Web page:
There’s a fundamental truth in the cybersecurity industry that nobody wants to face. Despite cybersecurity budgets and spending ballooning by the year, outcomes aren’t improving. In fact, they’re getting worse. In 2011, the cybersecurity market was valued at around $60 billion in annual spending. By the end of 2021, it’s expected to reach $150.4 billion. That’s a Compound Annual Growth Rate (CAGR) of 9.63% over a decade, and there’s no sign of spending slowing down. From 2020 to 2027/28, analysts expect the CAGR of global cybersecurity spending to continue at a rate of 9.4%, 10.9%, or 12.5%, depending on which source you trust.
All of which begs the question: Why are Breaches (Still) So Common?
With all that spending, you’d expect the rate of security incidents and data breaches to fall—but they haven’t. The number of recorded breaches is rising year by year. The number of breached records hit a new high during Q1 2021, and nobody expects them to fall in the coming years. When it comes to our ability to identify and contain breaches, there’s more bad news.
Between 2015 - 2019, the Mean Time To Identify (MTTI) security breaches remained static at 206 days, while the Mean Time To Contain (MTTC) rose from 69 days to 73 days. That makes the average time needed to identify and contain a security breach an incredible 279 days.
#1: The Definition of Insanity
Everybody has heard the quote: "Insanity is doing the same thing over and over again and expecting different results." (By the way, did you know it wasn’t Einstein who first said this?)
Nonetheless, this is exactly what the cybersecurity industry has been doing for the past several decades. Collectively, we have tried to spend our way out of a problem and ignored the fact that it isn’t working. Why? Because despite a huge rise in cybersecurity spending, threat actors are getting better, faster than we are.
From this, we can deduce two lessons:
- Today’s approach to cybersecurity isn’t working.
- Organizations can’t spend their way out of the problem.
And, perhaps the situation is even worse. Increasing cybersecurity budgets and spending creates a false sense of security that comes crashing down when an organization is inevitably breached.
You’ve probably heard the oft-repeated phrase, “it’s not if but when your organization is breached.” While it may seem self-serving for cybersecurity vendors to repeat this over and over, it’s a truism—and the data above makes it abundantly clear.
#2: The "Fog of More"
No organization can do everything when it comes to cybersecurity. The available systems, controls, and processes are simply too expansive (and expensive). This leaves organizations trying to figure out which controls to implement with their limited human and budget resources.
This is where we run into a serious problem that most organizations haven’t yet solved. Tony Sager, SVP and Chief Evangelist at The Center for Internet Security (CIS), explains:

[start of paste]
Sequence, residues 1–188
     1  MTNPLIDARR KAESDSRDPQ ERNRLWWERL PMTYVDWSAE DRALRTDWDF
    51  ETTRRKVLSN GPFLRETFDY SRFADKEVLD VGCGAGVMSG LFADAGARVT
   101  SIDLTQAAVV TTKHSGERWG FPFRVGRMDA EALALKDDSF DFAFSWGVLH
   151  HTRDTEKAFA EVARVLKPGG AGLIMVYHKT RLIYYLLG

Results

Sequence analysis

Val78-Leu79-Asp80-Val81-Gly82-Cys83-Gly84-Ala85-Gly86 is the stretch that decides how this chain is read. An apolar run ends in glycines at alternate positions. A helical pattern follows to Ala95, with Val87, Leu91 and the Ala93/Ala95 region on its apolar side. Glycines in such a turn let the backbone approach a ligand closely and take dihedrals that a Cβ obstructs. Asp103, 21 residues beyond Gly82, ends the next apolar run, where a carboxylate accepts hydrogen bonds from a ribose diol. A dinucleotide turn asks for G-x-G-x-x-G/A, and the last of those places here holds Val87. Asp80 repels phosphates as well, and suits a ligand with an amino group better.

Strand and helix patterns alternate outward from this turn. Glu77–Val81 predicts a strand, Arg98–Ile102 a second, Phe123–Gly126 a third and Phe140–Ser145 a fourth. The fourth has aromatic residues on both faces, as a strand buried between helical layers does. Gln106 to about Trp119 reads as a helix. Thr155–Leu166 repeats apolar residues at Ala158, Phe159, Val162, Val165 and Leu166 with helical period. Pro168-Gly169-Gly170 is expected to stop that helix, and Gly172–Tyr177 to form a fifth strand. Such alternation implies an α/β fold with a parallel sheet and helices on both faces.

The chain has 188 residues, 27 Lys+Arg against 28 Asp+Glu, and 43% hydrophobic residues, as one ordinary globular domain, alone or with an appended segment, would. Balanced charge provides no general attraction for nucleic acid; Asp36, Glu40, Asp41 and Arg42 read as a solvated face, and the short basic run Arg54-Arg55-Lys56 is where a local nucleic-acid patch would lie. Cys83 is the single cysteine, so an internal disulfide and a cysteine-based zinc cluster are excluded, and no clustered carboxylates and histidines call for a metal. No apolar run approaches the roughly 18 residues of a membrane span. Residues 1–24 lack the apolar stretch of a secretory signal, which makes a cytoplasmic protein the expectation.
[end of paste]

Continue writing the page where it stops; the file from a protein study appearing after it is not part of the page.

“Defenders lose because they are overwhelmed. There’s too much advice and too many consultants, tools, compliance requirements, and marketing messages to process. They don’t know where to start, and that makes them susceptible to any message or tool that claims to solve their problems.”
With so much choice, many cybersecurity leaders (and their teams) become paralyzed. They do their best to prioritize budgets and energy, but the outcomes don’t match their efforts.
#3: Security is Stuck in ‘Reactive Mode’
Perimeter defense tools like firewalls and IDS/IPS tools do an essential but incomplete job. The predominant approach to cybersecurity relies heavily on reactive monitoring and incident response, hoping to head off each threat before it does serious harm.
But as we’ve already established, this approach isn’t working. And there’s a simple reason why: if we try to categorize and block every possible bad thing that could threaten our infrastructure, we’re inherently in a reactive position. We’ll almost never be able to block new threats because we haven’t had a chance to categorize them yet.
That’s without even considering the effort and investment needed to maintain this reactive approach. All of this poses an obvious question: If spending more on reactive tools and processes doesn’t work, what’s the alternative?
System Integrity Assurance: A Huge Step Beyond FIM
To reverse the current trends, we need to reevaluate the fundamental principles of cybersecurity. System Integrity Assurance is a completely different approach to cybersecurity that focuses on the fundamentals. Instead of trying to identify and categorize all bad things, it instead identifies everything that is allowed in an environment—and blocks everything else.
Some level of management by exception is needed, of course. But fundamentally, integrity verification gives organizations complete control over what happens in their environment. This begs another question:
What happens if you know every time something is added, removed, or changed in your environment, and you stop anything that isn’t authorized… and you expand this capability across all asset classes?
- Ransomware and other malware can’t run in the environment.
- Attackers can’t traverse the network or exfiltrate data.
- Nobody can change files or configurations to make them dangerous or non-compliant.
- Users can’t accidentally run malicious attachments.
- Nobody (even privileged administrators) can alter critical system files.
This approach takes away a massive proportion of the threats that can arise in an IT environment with minimal human involvement.
To find out exactly how integrity verification addresses the major issues in cybersecurity, download our free guide: The Authoritative Guide to System Integrity Assurance.
October 21, 2021